LOS ANGELES – It’s time for Democrats to be careful.
We have the two strongest candidates to run for president since Bill Clinton.
We have a race that is not likely to end until June, at the earliest.
We have a party that is desperate to defeat the Republicans and change the course of the country’s future on both foreign and domestic policy and a country that supports change and overwhelmingly believes that the country is on the wrong track.
The Republican battle is over, and the Democratic race is still heating up.
The conventional wisdom is that the sooner you win your party’s nomination, the more it is worth.
The conventional wisdom is that the more hard-fought the primary campaign, the more divided the party will be in the end.
That’s why Democrats need to be careful. We need to be careful to remember that our two candidates agree on far more than they disagree, that the opponent is John McCain and not Barack Obama or Hillary Clinton.
From the beginning, I’ve been arguing that this race would be good for the Democratic nominee, that Hillary Clinton or Barack Obama would be stronger candidates for having defeated the other.
I also said that it would give Obama the chance he needed to grow as a candidate and prove himself a leader and that it would give Hillary Clinton the opportunity she needs to take on the misconceptions and caricatures that have produced her high negatives and taken her from front-runner to underdog.
I still believe that.
But I’d be lying if I didn’t admit that I’m getting a little bit nervous.
I’m not nervous that Clinton is taking on Obama and Obama is taking on Clinton. Believe me, I have faced the Republicans at their fiercest, and nothing these Democrats do to each other begins to approach it.
I’m not worried the Republicans are going to use the Democrats’ lines against the future nominee. The longer this goes on, the more likely it is that these two Democrats will end up on a ticket together, and whatever each has said about each other is nothing compared to the "voodoo economics," which didn’t cost George Bush the first the second spot on the Reagan ticket or Reagan the election in the fall.
I can even make the case that, conventional wisdom notwithstanding, the reality is that with the Republican nomination locked up, McCain is about to fade from the news, be missing from the front pages, while the country devotes its attention exclusively to the race between two Democrats who ultimately will be stronger for the scrutiny and, potentially, viewed as more qualified because of the attention.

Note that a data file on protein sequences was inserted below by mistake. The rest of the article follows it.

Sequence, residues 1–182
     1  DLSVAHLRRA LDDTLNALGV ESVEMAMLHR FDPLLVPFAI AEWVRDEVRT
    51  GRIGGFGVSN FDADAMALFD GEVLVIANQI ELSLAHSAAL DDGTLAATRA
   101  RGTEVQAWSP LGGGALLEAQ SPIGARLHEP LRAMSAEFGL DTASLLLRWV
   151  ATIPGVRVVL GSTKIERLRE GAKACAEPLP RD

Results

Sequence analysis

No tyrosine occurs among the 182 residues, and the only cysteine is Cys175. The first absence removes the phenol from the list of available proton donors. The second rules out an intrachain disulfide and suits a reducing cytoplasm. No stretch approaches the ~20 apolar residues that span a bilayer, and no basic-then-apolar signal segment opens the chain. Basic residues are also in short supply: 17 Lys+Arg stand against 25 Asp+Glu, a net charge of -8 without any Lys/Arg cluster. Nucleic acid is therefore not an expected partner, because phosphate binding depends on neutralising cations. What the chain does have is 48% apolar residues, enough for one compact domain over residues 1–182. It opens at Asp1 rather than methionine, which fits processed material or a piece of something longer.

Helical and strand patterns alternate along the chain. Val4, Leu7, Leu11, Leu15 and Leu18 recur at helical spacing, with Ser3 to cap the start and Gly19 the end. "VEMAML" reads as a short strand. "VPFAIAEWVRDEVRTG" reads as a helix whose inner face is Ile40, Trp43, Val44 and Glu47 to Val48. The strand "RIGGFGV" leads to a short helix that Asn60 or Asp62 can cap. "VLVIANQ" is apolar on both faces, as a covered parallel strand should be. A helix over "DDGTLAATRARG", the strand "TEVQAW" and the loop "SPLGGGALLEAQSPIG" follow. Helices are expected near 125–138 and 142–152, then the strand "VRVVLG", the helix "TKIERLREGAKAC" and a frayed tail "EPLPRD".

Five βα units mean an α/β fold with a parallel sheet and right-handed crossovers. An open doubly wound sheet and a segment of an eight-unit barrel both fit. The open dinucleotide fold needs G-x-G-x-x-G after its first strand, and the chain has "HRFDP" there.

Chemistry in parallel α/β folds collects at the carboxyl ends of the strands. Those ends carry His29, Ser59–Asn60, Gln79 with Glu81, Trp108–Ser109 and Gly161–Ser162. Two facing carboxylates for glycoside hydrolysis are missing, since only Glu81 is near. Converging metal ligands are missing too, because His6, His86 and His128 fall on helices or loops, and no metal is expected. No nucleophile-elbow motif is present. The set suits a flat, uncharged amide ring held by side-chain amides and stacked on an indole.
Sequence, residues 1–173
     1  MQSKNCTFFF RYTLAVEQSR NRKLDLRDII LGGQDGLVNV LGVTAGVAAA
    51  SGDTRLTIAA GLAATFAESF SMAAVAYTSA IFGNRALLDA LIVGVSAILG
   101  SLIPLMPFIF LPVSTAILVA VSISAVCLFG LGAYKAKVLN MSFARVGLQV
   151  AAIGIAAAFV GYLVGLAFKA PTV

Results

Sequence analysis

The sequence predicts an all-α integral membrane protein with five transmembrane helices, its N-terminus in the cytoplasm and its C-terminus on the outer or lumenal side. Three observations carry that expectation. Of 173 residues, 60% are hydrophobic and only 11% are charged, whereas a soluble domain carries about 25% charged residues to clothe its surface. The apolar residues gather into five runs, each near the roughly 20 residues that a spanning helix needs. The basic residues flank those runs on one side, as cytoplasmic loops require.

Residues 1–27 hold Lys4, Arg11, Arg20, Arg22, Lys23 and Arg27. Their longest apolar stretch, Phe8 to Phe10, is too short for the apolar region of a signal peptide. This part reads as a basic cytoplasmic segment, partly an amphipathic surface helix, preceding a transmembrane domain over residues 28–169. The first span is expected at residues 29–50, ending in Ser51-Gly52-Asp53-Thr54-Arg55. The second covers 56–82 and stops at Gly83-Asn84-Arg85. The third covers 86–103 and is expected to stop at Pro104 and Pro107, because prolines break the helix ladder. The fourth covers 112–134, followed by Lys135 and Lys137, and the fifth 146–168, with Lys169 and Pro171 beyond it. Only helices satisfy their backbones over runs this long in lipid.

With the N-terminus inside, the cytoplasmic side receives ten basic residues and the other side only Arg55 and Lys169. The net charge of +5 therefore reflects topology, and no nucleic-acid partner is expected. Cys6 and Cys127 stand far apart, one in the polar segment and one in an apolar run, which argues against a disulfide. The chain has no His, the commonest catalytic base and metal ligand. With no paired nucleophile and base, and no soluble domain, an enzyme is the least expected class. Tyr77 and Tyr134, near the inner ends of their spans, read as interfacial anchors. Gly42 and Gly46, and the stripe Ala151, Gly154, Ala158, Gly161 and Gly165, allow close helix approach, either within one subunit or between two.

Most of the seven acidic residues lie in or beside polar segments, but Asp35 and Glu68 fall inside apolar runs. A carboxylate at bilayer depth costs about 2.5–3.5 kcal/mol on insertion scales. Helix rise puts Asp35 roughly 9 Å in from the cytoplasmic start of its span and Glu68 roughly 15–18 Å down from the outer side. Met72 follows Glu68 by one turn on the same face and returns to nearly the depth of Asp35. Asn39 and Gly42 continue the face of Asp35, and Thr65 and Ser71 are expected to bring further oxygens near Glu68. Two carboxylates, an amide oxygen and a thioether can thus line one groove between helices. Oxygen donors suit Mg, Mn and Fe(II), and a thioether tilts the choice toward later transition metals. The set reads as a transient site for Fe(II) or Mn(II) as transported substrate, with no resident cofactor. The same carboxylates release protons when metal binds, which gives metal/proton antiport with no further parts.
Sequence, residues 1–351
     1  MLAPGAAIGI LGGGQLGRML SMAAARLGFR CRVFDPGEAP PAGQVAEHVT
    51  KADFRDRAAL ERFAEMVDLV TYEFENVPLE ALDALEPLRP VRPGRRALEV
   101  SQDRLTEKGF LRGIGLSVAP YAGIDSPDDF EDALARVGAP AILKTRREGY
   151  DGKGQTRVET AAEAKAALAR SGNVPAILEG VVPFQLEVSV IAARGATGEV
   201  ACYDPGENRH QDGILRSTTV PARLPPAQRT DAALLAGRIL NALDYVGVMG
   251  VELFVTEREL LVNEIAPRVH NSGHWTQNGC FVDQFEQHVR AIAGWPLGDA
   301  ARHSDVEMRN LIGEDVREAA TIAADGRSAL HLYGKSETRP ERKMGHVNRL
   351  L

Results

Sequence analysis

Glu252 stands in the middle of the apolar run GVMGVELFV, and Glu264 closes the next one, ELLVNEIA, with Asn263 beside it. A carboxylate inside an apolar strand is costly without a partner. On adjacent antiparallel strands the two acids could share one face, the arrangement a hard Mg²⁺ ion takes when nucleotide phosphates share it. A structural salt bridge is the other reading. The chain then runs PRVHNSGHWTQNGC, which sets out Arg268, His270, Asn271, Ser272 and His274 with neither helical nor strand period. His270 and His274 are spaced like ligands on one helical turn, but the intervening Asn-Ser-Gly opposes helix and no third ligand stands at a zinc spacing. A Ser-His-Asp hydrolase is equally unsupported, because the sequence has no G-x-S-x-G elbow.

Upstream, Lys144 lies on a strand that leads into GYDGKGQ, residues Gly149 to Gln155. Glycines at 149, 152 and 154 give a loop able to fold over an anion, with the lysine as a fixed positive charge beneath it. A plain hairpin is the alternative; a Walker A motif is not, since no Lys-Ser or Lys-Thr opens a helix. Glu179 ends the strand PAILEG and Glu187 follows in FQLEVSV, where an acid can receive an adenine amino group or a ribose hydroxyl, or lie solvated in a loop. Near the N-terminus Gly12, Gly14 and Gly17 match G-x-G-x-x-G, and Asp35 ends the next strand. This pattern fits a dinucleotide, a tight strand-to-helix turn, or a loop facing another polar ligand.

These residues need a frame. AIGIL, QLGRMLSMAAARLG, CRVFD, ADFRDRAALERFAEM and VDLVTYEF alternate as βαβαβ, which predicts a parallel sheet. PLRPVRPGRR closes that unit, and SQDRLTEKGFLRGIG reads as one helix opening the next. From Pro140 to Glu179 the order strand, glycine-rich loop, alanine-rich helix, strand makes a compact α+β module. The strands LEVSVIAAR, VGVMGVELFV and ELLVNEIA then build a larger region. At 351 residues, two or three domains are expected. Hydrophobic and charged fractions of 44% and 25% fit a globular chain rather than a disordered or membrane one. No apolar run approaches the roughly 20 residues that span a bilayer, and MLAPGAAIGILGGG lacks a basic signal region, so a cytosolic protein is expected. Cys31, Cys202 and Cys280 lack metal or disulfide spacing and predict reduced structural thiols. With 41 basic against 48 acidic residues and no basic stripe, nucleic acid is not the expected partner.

No, what I’m worried about is what’s happening at the grassroots level among Democrats who support one or the other candidate and are coming to like their own candidate more, and the other one (and their supporters) less, the longer this goes on.
I remember what it was like in 1980, when the Kennedy and Carter people still were barely speaking to each other within days of the general election. That was when I — former Supreme Court law clerk, issues director and platform coordinator — ended up running the Election Day operation in Dade County, Fla., not because I knew anything about moving millions of voters to the polls but because I was a Kennedy person working for Carter and, therefore, trustworthy.
That’s what Democrats can’t afford.
I went to brunch the other day with some very close friends. One was an Obama supporter. I can honestly say that some of my best friends are Obama supporters, and up to now it hasn’t been so much of a problem.
My friend Dolores occasionally gets my goat for something I write, but we’re all still on the same team. At brunch, another close friend wouldn't let me off the hook. You’d think we were on television arguing instead of at brunch celebrating a close friend’s birthday.
His passion would have been admirable, except that after a few months of just being passionate, it’s getting harder and harder for some Democrats not to feel frustrated with the obstacle to their passion.
My Clinton friends are really no different. It used to be that they would just say they preferred Obama. Lately, it’s getting stronger. They’re getting mad.
Clinton has no reason to drop out after her impressive showing Tuesday night. Obama has no reason to let up, given his lead in delegates. This one is going to go on. Even as the race heats up, the folks on the sidelines need to chill. It’s a long way until November, and the Kennedy-Carter split is the memory no one wants to relive.
Susan Estrich is the Robert Kingsley Professor of Law and Political Science at the University of Southern California. She was Professor of Law at Harvard Law School and the first woman President of the Harvard Law Review. She is a columnist for Creators Syndicate and has written for USA Today and the Los Angeles Times.
Estrich's books include the just published "Soulless," "The Case for Hillary Clinton," "How to Get Into Law School," "Sex & Power," "Real Rape," "Getting Away with Murder: How Politics Is Destroying the Criminal Justice System" and "Making the Case for Yourself: A Diet Book for Smart Women."
She served as campaign manager for Michael Dukakis' presidential bid, becoming the first woman to head a U.S. presidential campaign. Estrich appears regularly on the FOX News Channel, in addition to writing the "Blue Streak" column for FOXNews.com.